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The series focuses on an individual author's entire body of work, a single work of literature, or a literary theme.
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Editor: Claire Whitehead, University of
St Andrews, U.K.
October 2012 · 1 volume · 327 pages · 6"x9"
Great starting point for students seeking an introduction to the theme and the critical discussions surrounding it.
Tales of magic, the supernatural, and the uncanny have been around as long as people have been telling stories. From Odyssey's adventures to the extraordinary history of the Buendía family of One Hundred Years of Solitude, stories of the fantastic have thrilled, mystified, and terrorized readers for centuries.
Edited by Claire Whitehead, Senior Lecturer in the Russian Department at the University of St Andrews in the United Kingdom and author of several articles on the fantastic in the works of major European and world authors, this volume in the Critical Insights series presents a variety of new essays on the perennial theme. For readers who are studying it for the first time, a four essays survey the critical conversation regarding the theme, explore its cultural and historical contexts, and offer close and comparative readings of key texts in the genre. Readers seeking a deeper understanding of the theme can then move on to other essays that explore it in depth through a variety of critical approaches. Works discussed include "Rip Van Winkle," "The Tell-Tale Heart," The Little Stranger, Wuthering Heights, My Cousin Rachel, and Lady Audley's Secret, as well as the works and common themes of such authors as Marie NDiaye, Italo Calvino, J.R.R. Tolkien, Richard Metheson, Franz Kafka, Fyodor Dostoyevsky, E.T.A. Hoffman, Shirley Jackson and Steven King. Contributors include Lucie Armitt, Daniela De Pau, Dimitra Fimi, Eugenio Bolongaro, and Peter Cogman.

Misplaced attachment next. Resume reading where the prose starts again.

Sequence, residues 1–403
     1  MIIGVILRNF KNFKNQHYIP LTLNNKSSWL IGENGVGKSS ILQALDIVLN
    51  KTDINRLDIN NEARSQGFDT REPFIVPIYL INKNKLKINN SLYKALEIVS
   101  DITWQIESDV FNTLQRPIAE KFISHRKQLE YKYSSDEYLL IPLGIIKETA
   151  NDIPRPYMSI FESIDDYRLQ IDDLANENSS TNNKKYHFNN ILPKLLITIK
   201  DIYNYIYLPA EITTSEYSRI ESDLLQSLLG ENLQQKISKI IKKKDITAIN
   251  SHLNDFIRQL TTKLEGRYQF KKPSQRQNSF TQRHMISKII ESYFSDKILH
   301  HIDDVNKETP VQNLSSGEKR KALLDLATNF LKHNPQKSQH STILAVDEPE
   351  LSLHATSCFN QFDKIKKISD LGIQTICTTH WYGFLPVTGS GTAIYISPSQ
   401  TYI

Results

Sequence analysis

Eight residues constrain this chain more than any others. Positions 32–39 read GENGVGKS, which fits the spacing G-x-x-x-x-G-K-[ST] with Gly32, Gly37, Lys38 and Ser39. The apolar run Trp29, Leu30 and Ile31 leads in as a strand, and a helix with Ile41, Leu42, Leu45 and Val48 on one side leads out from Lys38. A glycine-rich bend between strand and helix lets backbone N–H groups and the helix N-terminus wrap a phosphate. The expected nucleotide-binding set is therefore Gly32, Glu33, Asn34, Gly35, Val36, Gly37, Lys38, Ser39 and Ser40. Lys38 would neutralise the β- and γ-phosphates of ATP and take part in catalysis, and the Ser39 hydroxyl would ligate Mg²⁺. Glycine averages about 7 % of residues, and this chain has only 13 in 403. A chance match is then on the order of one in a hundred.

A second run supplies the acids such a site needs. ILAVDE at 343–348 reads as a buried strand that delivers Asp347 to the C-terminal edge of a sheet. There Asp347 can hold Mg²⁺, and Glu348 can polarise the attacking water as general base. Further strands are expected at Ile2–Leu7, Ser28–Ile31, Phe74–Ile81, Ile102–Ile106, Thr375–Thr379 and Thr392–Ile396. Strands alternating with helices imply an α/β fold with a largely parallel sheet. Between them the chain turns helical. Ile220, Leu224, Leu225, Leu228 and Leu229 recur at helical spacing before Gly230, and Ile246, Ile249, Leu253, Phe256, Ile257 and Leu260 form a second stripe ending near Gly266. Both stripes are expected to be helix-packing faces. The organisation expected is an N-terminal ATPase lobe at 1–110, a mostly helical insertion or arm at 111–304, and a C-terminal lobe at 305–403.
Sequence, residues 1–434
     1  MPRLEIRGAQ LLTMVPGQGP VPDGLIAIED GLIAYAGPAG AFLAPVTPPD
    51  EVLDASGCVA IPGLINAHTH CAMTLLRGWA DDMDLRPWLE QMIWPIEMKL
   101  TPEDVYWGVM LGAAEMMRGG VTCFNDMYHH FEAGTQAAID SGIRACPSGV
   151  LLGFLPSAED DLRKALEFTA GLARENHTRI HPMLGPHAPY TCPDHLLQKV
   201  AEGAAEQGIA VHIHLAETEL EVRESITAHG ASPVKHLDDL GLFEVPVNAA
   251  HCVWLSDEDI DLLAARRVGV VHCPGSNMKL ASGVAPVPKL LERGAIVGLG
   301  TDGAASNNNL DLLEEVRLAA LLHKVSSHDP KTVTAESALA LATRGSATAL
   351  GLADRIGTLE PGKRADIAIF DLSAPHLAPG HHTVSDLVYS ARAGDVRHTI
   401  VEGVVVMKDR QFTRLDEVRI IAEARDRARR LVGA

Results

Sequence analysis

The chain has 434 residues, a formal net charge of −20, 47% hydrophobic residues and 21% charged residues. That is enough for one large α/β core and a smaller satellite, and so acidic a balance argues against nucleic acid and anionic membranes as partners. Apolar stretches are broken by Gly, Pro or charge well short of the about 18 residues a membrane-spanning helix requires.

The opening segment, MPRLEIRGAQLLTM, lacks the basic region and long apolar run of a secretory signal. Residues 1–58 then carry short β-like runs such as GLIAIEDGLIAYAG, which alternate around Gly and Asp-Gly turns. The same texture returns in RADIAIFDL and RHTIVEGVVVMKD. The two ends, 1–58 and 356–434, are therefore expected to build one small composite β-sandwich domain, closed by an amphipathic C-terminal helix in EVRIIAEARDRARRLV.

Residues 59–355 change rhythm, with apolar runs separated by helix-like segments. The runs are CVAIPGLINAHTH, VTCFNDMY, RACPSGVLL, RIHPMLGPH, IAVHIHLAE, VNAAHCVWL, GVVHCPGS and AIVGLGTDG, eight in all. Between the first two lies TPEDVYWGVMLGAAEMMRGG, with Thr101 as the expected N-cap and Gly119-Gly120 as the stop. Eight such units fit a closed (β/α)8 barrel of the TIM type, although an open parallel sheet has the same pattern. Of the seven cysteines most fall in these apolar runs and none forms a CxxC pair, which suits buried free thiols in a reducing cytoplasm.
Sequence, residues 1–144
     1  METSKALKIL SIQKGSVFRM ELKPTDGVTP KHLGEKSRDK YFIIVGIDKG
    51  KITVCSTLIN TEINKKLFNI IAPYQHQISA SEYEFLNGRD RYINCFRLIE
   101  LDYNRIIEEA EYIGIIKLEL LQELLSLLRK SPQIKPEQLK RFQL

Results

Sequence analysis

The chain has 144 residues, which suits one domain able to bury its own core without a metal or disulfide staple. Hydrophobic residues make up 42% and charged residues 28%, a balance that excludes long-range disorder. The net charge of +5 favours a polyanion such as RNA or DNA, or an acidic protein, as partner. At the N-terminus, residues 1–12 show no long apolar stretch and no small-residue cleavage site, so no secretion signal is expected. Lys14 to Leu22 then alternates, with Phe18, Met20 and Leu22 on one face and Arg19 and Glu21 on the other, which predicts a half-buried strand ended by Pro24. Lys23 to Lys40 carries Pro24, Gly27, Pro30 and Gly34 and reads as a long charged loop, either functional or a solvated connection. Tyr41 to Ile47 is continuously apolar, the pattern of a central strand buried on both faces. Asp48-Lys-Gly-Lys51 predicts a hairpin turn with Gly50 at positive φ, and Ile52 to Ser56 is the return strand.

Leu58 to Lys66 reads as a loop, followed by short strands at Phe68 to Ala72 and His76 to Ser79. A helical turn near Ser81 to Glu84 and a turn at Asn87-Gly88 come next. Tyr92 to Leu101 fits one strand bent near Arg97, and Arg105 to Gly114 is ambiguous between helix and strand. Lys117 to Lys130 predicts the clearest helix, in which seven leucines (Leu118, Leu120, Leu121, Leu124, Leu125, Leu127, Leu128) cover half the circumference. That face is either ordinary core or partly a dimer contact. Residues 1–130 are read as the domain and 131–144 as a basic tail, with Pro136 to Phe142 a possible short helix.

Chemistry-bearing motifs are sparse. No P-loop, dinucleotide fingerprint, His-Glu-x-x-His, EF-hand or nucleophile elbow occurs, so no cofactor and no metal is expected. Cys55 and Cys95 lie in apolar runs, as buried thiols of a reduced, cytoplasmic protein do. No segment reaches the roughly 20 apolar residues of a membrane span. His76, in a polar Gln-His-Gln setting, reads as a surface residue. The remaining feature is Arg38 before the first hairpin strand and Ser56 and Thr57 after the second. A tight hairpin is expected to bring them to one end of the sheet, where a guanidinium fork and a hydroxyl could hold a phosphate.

Rounding out the volume are a list of literary works not mentioned in the book that concern the theme of the fantastic and as well as a bibliography of critical sources for readers seeking to study this timeless theme in greater depth.